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From: joel de guzman (djowel_at_[hidden])
Date: 2002-02-18 12:23:33

----- Original Message -----
From: "Daniel Frey" :

joel de guzman wrote:
> Next to typeof(x), I'd love to see Dave (Abraham's) "auto" for type deduction.
> auto v = an_arbitrarily_complex_expression;

I'm reading all those pro-'auto' comments with a little fear. Why it
'auto' really needed if we have a good typeof? Example:


IMHO, typeof() is really necessary, but auto is just eye-candy. I cannot
see something that an 'auto'-type can do you couldn't do with typeof()
and the current language. Instead, it weakens the strong-type-checking
for which I like C++. (I know my english is horrible, but I hope you get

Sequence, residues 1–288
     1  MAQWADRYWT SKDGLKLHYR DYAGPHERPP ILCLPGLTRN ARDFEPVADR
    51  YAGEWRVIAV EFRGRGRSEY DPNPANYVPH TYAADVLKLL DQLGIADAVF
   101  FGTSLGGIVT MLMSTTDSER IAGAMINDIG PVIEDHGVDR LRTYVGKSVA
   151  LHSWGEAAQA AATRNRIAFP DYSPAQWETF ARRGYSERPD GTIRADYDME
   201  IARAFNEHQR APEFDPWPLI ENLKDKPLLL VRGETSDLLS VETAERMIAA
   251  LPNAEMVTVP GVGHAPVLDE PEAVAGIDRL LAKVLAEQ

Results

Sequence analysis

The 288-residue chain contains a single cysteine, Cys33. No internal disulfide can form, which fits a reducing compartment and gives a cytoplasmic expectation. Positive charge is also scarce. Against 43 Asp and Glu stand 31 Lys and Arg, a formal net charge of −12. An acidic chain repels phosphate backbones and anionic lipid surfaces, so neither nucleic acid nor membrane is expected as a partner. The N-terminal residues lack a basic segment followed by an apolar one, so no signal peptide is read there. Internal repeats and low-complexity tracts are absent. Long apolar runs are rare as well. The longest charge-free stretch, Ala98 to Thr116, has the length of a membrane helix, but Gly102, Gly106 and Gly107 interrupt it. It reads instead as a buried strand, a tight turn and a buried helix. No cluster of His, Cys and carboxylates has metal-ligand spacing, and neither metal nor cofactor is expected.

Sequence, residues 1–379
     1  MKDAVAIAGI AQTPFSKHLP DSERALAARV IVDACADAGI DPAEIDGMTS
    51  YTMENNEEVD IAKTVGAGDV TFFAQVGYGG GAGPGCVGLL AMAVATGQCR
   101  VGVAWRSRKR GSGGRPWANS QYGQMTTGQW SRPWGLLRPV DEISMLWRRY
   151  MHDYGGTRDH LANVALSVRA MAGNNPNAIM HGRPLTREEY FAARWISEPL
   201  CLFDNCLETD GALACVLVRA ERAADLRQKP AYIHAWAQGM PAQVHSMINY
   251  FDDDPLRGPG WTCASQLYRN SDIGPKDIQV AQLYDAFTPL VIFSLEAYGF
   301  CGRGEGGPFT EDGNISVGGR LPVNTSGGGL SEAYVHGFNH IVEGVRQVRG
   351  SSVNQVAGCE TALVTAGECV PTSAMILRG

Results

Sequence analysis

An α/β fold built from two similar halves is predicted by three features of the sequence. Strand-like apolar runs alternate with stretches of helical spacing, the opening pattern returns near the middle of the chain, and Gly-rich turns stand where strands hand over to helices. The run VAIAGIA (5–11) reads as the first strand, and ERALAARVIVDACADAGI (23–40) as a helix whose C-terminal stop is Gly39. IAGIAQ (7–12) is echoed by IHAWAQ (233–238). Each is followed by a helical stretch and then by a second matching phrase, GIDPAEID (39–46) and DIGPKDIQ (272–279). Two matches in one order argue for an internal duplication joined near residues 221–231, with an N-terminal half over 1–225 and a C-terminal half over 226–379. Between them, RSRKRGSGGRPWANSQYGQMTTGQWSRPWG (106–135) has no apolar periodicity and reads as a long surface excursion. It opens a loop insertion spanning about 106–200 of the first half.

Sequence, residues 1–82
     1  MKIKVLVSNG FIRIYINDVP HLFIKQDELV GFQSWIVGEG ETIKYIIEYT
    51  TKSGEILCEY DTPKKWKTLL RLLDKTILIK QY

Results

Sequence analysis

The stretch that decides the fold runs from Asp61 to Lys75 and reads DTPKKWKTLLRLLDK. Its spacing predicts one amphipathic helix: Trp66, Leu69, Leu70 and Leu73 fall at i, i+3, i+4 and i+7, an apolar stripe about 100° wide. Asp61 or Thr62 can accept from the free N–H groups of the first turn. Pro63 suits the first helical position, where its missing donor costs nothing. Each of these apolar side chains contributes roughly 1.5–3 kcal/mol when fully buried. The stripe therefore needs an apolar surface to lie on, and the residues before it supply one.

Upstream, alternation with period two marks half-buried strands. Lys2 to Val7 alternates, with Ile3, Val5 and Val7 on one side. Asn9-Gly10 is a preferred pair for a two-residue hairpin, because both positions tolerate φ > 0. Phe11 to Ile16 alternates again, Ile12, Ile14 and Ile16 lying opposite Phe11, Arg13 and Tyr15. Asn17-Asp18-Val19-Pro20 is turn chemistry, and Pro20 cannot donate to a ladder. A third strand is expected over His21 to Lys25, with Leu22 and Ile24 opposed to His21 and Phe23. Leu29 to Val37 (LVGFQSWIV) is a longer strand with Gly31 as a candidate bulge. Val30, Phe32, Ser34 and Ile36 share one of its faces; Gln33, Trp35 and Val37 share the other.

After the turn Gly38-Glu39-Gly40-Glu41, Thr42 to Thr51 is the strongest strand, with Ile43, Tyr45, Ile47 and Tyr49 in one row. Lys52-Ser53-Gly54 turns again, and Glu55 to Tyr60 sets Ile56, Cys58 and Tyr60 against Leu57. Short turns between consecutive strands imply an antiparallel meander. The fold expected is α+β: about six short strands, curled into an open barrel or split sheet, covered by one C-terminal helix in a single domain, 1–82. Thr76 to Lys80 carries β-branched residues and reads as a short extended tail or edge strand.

what I mean :). If I missed something about 'auto', please let me know.


You have a point. typeof is the bare mimimum. auto (or let, var) is more
like eye candy. But when you have a very complex RHS, it gets too
redundant to supply the expression in the typeof as well as the actual
RHS. Here's an example of a rule (in the C grammar) using the Spirit
inline parser for example:

        = shift_expression >>
                 LT_OP >> shift_expression
            | GT_OP >> shift_expression
            | LE_OP >> shift_expression
            | GE_OP >> shift_expression

Now imagine the same declaration using only typeof(expr). You
will have to duplicate the expression in the type and the rhs:

     typeof(blah_blah) relational_expression = blah_blah;

Complex expressions much much more complex than this are
prevalent in functional style programming where binary, unary
operators and functions evaluates to higher order functions.


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